Montana college students can explore a full traditional curriculum along with distinctive subjects such as tribal historic preservation, hydrology, and agribusiness. Just fewer than 69,000 students attended Montana's 31 institutions of higher learning in 2013, which put the state in 43rd place nationally, as far as the number of colleges, and in 47th place for student enrollment. Postsecondary educational opportunities include certificates as well as undergraduate and graduate degree programs from Montana's community colleges, private and public four-year colleges, religious institutions, technical schools, and online colleges:
|College Type||Number in Montana|
|Private not-for-profit (religious affiliation)||4|
|Private not-for-profit (no religious affiliation)||2|
Top Cities in Montana for Higher Education
Montana has an average of 7 residents per square mile, compared to the national average of 87, according to the U.S. Census Bureau. For those facing long drives, online coursework offers one alternative. Students reside in a variety of settings, from smaller towns to urban areas, as seen in the following overview of Montana colleges:
Most Popular Cities for College Students (Total)
- Missoula (15,500)
- Bozeman (13,800)
- Billings (7,000)
- Kalispell (4,100)
- Great Falls (4,100)
Montana Locations with the Most Colleges (Total)
- Great Falls (4)
- Bozeman (3)
- Billings (3)
- Missoula (2)
Distance Learning in Montana
Interest in distance learning continues to climb nationwide, and traditional brick-and-mortar colleges have joined private for-profit schools in delivering coursework for certificate and degree programs online. Additionally, Montana's rugged winters may influence a student's plans for online education: In February 2014, for example, one college tweeted that the campus was closed and classes were cancelled due to weather. In order to meet the demands of today's modern student as well as counteract the state's natural barriers, many schools in Montana now offer online courses and programs. All 11 campuses within the Montana University System, for example, offer online courses and programs. Across campuses, more than 8,000 students enroll in online courses each semester. Nearly 100 certificate and degree programs are offered through distance learning in a range of academic areas such as medical transcription, business administration, nursing, public health, and public administration.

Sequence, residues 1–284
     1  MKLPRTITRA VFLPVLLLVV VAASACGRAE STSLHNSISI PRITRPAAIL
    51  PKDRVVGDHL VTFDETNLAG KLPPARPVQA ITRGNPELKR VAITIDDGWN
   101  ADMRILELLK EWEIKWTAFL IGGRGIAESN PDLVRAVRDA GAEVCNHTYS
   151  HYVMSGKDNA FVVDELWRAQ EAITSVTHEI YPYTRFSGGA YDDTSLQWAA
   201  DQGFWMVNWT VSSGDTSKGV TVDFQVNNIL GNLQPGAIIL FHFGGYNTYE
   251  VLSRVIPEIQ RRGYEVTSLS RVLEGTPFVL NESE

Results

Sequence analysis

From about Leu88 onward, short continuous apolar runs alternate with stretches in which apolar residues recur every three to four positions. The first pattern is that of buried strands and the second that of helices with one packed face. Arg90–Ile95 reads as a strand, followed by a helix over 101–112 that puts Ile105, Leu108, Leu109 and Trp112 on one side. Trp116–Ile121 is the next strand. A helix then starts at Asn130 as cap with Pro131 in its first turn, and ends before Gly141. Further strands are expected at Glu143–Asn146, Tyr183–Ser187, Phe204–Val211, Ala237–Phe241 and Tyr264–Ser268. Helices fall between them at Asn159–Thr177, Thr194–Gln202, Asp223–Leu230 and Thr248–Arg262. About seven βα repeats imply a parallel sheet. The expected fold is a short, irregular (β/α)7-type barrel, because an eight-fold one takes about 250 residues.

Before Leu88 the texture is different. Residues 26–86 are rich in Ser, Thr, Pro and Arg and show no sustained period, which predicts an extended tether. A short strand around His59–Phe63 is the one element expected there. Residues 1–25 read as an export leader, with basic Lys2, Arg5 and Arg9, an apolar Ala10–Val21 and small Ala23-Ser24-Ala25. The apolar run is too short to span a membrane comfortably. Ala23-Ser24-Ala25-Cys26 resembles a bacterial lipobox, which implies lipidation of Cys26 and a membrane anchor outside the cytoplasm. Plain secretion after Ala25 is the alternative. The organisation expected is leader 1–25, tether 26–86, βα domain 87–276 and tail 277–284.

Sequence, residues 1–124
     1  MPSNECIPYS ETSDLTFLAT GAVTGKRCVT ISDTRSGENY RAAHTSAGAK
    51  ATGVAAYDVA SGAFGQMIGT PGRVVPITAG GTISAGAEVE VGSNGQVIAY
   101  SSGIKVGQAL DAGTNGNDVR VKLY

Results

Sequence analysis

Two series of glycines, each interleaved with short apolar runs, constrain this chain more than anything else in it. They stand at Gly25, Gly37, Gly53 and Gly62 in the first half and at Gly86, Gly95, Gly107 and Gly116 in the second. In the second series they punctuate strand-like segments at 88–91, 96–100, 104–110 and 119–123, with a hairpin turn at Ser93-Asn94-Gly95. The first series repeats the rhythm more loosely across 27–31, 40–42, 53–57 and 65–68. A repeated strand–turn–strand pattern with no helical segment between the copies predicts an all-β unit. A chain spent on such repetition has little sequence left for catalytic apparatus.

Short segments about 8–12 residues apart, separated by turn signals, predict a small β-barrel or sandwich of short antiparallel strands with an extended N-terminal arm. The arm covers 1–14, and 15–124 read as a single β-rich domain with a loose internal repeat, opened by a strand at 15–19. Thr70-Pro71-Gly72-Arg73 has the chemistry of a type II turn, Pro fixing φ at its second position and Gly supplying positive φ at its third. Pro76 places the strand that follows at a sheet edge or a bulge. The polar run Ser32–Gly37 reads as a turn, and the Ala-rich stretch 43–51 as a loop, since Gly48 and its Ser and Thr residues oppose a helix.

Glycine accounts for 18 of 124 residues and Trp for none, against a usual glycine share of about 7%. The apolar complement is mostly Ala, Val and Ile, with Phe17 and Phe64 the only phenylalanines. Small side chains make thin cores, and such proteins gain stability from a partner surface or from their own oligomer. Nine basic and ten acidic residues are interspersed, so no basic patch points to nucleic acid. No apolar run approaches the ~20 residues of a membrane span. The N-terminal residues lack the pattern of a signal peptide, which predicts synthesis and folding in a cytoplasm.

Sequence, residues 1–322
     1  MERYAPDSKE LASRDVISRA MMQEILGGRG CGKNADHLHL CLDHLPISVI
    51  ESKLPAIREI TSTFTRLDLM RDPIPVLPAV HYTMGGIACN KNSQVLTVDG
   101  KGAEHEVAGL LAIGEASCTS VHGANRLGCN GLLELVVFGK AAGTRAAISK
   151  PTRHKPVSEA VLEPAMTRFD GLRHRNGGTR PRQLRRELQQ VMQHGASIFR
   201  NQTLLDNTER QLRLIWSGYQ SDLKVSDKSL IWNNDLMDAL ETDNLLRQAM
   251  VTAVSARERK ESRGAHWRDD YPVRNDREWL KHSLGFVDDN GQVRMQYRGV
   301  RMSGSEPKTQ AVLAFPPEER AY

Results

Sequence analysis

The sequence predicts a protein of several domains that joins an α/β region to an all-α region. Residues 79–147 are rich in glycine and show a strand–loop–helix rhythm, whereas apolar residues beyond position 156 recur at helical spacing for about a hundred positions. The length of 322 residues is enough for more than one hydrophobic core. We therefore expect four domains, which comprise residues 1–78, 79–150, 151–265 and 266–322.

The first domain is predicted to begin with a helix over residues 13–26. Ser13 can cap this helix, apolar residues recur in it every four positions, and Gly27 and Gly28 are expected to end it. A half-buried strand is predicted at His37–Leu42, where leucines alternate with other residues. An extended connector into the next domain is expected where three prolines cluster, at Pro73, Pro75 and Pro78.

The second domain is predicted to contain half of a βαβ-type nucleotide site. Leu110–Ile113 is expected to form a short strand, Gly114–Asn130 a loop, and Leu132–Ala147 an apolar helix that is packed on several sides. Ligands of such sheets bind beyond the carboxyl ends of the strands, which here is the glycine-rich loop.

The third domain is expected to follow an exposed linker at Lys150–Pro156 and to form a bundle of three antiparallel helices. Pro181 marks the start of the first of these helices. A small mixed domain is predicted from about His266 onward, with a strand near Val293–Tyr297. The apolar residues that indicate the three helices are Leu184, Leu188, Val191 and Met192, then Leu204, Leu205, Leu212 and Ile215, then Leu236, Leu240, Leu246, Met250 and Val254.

Paying for College in Montana
Montana college students allocate cash for costs ranging from tuition to fees to books to living expenses. Tuition, typically the most significant expense, depends on the type of school and whether or not an applicant qualifies for state residency. The average in-state tuition for Montana ranked 3rd nationally in 2012 for affordability, priced at $5,735 for the school year. While tuition holds a central place in budget calculations, students also need to consider college fees for miscellaneous services such as parking and registration. Schools may also charge fees for the use of recreational amenities or technology labs.